About Me

I'm an Explorer, Engineer, Writer, Public Speaker, and Entrepreneur. I write about exploration, travel, and science. 

Any views expressed on this site are my own.  

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India... We Have a Problem

I like to think I’m an explorer. My parents can attest. It probably started when I was about three and they gave me a Big Wheel—the little bikes kids get before they graduate to the tricycle (see below).

My Big Wheel explorations were mostly just me trying to escape the clutches of my (very patient and loving) parents. I wasn’t very fast at first, especially before my legs could reach the pedals and my dad had to attach wood blocks to them so I could reach. But they humored me, let me escape just far enough before reigning me in and I got to explore the neighborhood.

Somewhere, that grew into a love of space. I was the kid who went to space camp and thought it was cool, I read every Star Wars book I could growing up and majored in Engineering Mechanics and Astronautics in college. During my sophomore year, I was lucky enough to be selected into the co-op program at the NASA Johnson Space Center—the home of the American astronaut corps and the world’s leading center for human spaceflight. I got the call just a week after the Space Shuttle Columbia accident and was told to report for duty during the next fall semester, starting in August of 2003.

A co-op program messes up all college plans. It usually sends a young innocent college student somewhere to a new part of the country to work for a semester instead of taking classes, as he or she may have first planned to do. For many, the thought of working for a semester instead of taking classes is crazy and foreign. It was to me. I had no idea how I could even re-arrange classes so I’d get all the requirements in the right semesters, how I’d get out of my apartment lease, all the fun I’d be missing with my friends who weren’t leaving. That fall of 2003 was the first fall I’d had since before preschool in my Big Wheel days that I wouldn’t be in school. Aside from maybe my first interception on my freshman high school football team and the second place ribbon I got in 3rd grade creative writing for the epic story Timmy and Squirt, it was the best thing I’ve ever done.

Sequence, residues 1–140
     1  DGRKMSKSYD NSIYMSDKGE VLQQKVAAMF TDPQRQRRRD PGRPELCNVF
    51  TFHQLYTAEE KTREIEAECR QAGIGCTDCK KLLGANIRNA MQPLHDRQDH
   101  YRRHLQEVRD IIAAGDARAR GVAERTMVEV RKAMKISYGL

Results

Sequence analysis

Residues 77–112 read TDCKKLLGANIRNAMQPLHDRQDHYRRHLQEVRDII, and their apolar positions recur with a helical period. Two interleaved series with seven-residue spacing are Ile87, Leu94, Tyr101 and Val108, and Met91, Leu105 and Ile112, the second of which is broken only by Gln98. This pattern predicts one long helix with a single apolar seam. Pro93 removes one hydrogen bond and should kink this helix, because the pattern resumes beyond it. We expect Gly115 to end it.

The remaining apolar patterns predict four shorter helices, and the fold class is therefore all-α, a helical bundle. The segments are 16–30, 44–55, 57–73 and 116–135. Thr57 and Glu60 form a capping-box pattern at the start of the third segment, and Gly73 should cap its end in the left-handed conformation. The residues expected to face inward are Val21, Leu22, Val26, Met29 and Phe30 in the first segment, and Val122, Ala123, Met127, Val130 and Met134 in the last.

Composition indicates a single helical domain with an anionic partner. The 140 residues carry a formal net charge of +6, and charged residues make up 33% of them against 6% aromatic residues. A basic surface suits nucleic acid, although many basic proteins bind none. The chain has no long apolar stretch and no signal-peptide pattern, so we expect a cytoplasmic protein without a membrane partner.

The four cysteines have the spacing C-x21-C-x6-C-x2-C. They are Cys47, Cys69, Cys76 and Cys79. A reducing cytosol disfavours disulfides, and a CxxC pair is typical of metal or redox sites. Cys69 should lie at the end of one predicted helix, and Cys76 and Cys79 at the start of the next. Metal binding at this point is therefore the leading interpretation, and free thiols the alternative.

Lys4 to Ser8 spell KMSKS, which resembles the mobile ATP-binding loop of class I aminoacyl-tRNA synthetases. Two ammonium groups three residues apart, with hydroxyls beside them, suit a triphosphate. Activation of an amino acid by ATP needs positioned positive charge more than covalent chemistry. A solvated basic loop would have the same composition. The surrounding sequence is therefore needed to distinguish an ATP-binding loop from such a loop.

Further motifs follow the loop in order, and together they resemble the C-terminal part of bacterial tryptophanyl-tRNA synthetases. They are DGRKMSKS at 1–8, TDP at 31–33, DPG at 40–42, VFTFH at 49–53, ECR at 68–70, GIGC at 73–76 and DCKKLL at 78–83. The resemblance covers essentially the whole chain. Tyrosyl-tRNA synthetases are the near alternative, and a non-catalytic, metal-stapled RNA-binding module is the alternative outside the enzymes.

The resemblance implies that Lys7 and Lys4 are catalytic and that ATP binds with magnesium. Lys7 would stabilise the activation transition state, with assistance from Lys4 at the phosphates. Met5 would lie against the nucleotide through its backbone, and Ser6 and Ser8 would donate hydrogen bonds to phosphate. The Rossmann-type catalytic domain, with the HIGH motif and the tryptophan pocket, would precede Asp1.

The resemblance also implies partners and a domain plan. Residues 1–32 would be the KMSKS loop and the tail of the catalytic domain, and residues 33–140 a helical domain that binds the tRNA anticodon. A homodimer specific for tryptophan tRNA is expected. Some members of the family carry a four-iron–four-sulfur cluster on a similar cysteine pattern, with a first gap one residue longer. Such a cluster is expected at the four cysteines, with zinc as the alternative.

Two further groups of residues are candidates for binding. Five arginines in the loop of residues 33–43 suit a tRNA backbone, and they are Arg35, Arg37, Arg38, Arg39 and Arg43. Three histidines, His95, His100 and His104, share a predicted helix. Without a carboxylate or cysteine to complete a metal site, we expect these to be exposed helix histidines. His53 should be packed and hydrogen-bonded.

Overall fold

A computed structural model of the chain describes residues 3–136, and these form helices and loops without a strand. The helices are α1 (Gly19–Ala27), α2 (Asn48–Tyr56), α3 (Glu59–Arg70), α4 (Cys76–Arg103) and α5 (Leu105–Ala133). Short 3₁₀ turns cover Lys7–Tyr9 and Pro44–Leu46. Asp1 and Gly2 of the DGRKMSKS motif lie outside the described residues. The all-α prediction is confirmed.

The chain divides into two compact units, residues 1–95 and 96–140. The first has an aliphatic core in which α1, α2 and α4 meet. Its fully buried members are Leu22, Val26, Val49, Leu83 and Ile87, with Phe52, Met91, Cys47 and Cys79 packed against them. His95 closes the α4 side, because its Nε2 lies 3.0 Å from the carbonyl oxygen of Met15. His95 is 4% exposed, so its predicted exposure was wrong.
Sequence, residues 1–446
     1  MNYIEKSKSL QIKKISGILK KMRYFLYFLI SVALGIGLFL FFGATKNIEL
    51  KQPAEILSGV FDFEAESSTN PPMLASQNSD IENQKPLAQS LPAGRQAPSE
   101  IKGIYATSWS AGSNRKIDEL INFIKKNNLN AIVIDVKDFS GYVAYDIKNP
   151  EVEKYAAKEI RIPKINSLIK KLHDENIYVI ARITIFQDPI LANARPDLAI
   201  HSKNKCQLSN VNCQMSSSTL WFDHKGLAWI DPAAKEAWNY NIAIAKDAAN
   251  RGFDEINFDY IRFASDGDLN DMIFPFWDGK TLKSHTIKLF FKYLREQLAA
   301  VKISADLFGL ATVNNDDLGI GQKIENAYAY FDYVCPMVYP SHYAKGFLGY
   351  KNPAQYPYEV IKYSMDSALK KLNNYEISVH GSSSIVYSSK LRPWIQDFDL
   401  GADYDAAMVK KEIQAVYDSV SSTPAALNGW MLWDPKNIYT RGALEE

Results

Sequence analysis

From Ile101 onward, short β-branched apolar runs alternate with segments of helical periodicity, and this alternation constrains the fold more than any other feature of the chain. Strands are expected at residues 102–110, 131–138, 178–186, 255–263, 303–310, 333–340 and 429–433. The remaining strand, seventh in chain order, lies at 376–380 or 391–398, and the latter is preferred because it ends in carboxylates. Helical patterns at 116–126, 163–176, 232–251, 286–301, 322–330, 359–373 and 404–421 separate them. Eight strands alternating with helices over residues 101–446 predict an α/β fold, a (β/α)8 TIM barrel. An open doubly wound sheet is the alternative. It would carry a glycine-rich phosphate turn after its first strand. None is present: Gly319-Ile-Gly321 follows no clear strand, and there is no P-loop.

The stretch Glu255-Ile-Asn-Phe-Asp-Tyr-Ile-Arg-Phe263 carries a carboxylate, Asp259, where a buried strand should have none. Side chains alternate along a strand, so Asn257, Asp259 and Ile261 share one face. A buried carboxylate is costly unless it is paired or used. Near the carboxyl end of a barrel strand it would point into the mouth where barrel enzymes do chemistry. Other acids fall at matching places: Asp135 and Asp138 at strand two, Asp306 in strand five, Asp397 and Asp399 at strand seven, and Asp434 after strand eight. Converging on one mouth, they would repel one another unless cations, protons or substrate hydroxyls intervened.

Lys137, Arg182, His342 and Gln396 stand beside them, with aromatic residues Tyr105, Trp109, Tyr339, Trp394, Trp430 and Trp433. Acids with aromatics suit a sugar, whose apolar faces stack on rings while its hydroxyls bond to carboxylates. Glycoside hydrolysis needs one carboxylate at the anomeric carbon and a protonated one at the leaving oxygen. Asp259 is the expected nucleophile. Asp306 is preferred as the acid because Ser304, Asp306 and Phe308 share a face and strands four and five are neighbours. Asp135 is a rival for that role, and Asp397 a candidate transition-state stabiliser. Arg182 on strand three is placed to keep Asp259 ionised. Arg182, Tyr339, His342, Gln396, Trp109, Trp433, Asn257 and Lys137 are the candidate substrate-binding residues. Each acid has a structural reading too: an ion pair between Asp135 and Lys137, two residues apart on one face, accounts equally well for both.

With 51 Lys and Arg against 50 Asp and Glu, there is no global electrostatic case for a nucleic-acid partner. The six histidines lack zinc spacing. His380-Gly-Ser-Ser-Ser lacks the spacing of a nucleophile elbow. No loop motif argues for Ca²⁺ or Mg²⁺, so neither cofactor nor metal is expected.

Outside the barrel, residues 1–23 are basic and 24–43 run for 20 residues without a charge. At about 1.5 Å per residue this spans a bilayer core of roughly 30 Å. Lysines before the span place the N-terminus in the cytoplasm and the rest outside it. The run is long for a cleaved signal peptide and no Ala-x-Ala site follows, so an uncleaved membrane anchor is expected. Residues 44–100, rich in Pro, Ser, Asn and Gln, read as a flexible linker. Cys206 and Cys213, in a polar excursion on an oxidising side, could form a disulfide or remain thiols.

I started working in the Shuttle Crew Escape Team with the people responsible for the orange launch and entry pressure suits (sometimes called pumpkin suits) and survival equipment used by Space Shuttle astronauts. Being on the heels of the Columbia accident, the team was still in the middle of the investigation and a complete re-evaluation of the culture and safety processes was well underway. We weren’t flying Shuttles but it was still extremely exciting stuff—there are only a handful of people who deal with these suits that serve as the last line of defense for saving an astronaut’s life on that very bad day when all else has failed. And here I was, barely 20 years old, part of the team.

The suits didn’t save the crew of Columbia—investigation teams would later rule that the craft was flying too fast and too high for the crew escape system to do much good. But still, it was the last thing they had to go on. And I was proud to be a part of giving explorers a final lifeline.

My project was to design a cooling system that could keep astronauts cool under their ~90 pounds of suit and survival equipment while they waited in the astrovan to be taken to the launch pad or while they sat outside the Shuttle mockups during ground training. Not exactly life-saving stuff, but important enough that the crew had formally requested it (later I’d learn that the crew formally requests a lot of things—not all of which are realistic, though we sure try). As a result, I came up with the Multiple User Cooling Unit, or MUCU, and also christened my first official NASA acronym.

MUCU!!!!! YEAH BABY!!! Check her out here during some, err-- highly scientific-- metabolic load testing:

Not only did I make my mark on NASA’s 8,000+ language of acronym-speak, but I was given a chance to learn what real engineering was like way ahead of graduating. The experience was priceless.

Any thoughts of going back to school became washed away by the spirit of adventure and exploration that captured me in that first semester in Houston. I couldn’t go back, not yet. 

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